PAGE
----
Friday, September 6, 2013

A Tale of Two Faces

A few days ago, Ana Ivanovic lost her 4th round match at the US Open to Victoria (love to shriek) Azarenka.  On multiple occasions, Azarenka played amazing drop shots, resulting generally in Ivanovic arriving a step late to make a decent shot.  It happened twice in a single game.  Ana's response?  SHE SMILED both times!  Yep.  And Ivanovic lost a close, tight three set match.  But she was IN the match!

About two days later, Andy Murray lost his quarterfinal match to Stanislas Warinka.  On more occasions than I care to recall, Andy completely lost it, having more in common with a petulant 4 year old, than a world class athlete.  It was embarrassing to watch.  Oh yeah, he lost too. But he didn't lose, he sucked.  He had as much chance of winning than I have of convincing Miley Cyrus to keep her clothes on.

In lots of sports, it helps to have a bad memory.  You hit a bad putt, throw an interception, miss a volley, fugetaboutit!  To focus on the bad shot only helps your opponent. But in Murray's case, he took it a step further.  To add insult to insult, Murray would scream at himself even when Warinka would hit an amazing winner.  A classy response would be clapping your own racquet, not a tantrum.

I guess the moral of the story is if you are going to lose, keep it classy.  Ivanovic did and almost won.  Murray didn't and got clobbered.  And here's another thought, let's get a Kickstarter campaign going for Andy Murray so this millionaire can get him some psychological help.  I'm serious.

Friday, August 16, 2013

Playing tennis, outside the box

You hit the best junk, and I mean that as a compliment.  My friend said that to me on the courts the other day.  And he did mean it as a compliment.  And why do I hit "junk"?  Because variety of shots is a weapon.   There is nothing worse than watching two juniors hitting long baseline rallies, no one getting close to the net for fear of getting passed.  When you get off the baseline and take the ball early, amazing opportunities are available.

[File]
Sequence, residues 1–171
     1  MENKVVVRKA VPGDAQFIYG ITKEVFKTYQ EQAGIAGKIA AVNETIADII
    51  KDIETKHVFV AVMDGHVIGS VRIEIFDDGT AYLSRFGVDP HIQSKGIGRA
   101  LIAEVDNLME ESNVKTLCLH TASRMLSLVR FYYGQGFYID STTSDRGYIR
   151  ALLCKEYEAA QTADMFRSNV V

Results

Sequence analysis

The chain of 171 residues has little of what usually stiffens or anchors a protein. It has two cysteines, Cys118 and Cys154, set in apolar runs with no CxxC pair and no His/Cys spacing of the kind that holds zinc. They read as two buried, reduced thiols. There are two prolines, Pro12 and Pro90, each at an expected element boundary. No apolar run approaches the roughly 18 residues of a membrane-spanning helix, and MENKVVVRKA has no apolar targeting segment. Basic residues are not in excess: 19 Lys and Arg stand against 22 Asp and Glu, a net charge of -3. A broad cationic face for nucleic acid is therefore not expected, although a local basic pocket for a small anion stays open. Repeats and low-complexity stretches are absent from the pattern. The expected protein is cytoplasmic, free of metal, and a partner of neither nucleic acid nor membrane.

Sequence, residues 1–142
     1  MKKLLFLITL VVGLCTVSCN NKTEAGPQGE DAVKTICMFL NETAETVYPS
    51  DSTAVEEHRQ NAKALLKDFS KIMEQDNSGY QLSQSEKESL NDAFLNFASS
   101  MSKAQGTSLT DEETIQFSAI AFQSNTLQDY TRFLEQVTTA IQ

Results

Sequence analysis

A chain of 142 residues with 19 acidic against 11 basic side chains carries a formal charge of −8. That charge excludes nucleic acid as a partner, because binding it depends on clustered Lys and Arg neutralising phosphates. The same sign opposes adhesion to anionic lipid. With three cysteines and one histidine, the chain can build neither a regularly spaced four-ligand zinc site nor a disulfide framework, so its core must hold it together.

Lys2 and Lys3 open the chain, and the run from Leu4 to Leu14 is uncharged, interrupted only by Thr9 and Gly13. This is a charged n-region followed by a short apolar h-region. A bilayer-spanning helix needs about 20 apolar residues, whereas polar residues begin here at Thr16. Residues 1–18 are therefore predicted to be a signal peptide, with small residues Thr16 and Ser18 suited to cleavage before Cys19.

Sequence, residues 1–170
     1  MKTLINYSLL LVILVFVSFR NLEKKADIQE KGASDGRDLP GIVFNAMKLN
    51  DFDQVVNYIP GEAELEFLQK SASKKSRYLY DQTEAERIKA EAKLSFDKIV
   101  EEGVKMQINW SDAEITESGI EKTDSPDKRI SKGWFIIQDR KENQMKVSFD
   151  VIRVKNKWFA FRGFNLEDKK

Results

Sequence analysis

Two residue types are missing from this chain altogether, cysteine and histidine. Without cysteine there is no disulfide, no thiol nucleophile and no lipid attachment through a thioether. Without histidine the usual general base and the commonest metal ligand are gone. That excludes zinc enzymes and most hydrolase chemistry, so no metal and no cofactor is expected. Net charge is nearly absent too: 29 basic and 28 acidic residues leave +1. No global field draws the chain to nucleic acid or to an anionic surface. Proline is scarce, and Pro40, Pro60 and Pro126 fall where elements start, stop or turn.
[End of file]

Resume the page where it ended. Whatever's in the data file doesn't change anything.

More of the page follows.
I never really watched Martina Hingis in her prime but she was alleged to see the court differently, and hit shots that no one else hit because she actually came in, or sometimes found out that "no man's land" still afforded some opportunities. 

At my age and size, I can occasionally flatten out a ball (or two) and hit some groundies probably over 60mph.  I would guess many of mine are less than 50.  But when you move into the court and take the ball early, that 48mph approach into the corner, or right up the middle or hitting a 35mph slice into a corner for a clean winner actually happens.  That was a common shot until the mid 70's when POWER became king and people forgot about finesse.  Today grunting is common, touch - not so much.

I am THRILLED when I see a junior that can slice a backhand, not in desperation, but to change tactics and variety.  I am also thrilled when I see it because it's so rare but I also know that this junior also knows how to play the power game, but smartly shifting gears and throw in some unorthodox shots to see how the opponent will handle it.

When I was coaching high school boys back in the 2005-2009 years, one of the first years a boy yelled at me and walked off the court because "nobody hits like you, you're not helping us prepare at all".  What sin had I committed?  When he pounded my backhand, I hit slices back to him which he generally hit wide or dumped into the net.  True, most guys his age didn't hit that shot, but the top 100 players in the state absolutely hit that shot, to great effect.

Variety. It's a good thing.  You wouldn't want to eat your favorite meal every day for a month would you?  Spice up your tennis by moving into the court almost whenever possible.  You will see angles you have never seen before and hit approach shots that will suprisingly go for winners because your opponents time will be cut short.  Do it.  Have some fun out there by trying out some new things, new shots, new strategy.

Sunday, December 2, 2012

My LOVE of Doubles!

The first step in any good ol' 12 Step Group is to admit you have a problem and need help.  It wasn't exactly like that but close when I spoke the immortal words about 2 weeks ago out on the court, I like doubles MORE than singles!  I like it for several reasons.  One is it's more social.  I like the guys (and sometimes gals) I play with.  I like them a lot.  Second, it's more unpredictable.  In singles, I know that I am going to hit (or try to) every ball that comes over the net.  In doubles, it may be zero balls in a 20 ball rally, or it may be the 2nd, 6th, 8th, 10th.  There is strategy also.  When you are positioned at the net, you can use intuition or flat out guess and try and intercept a diagonal baseline rally.

Don't get me wrong. I still love singles, but the added unpredictability and the additional partners in doubles, (we rotate after each set) really set it apart from the singles game.

Friday, June 22, 2012

The Classic Dilemma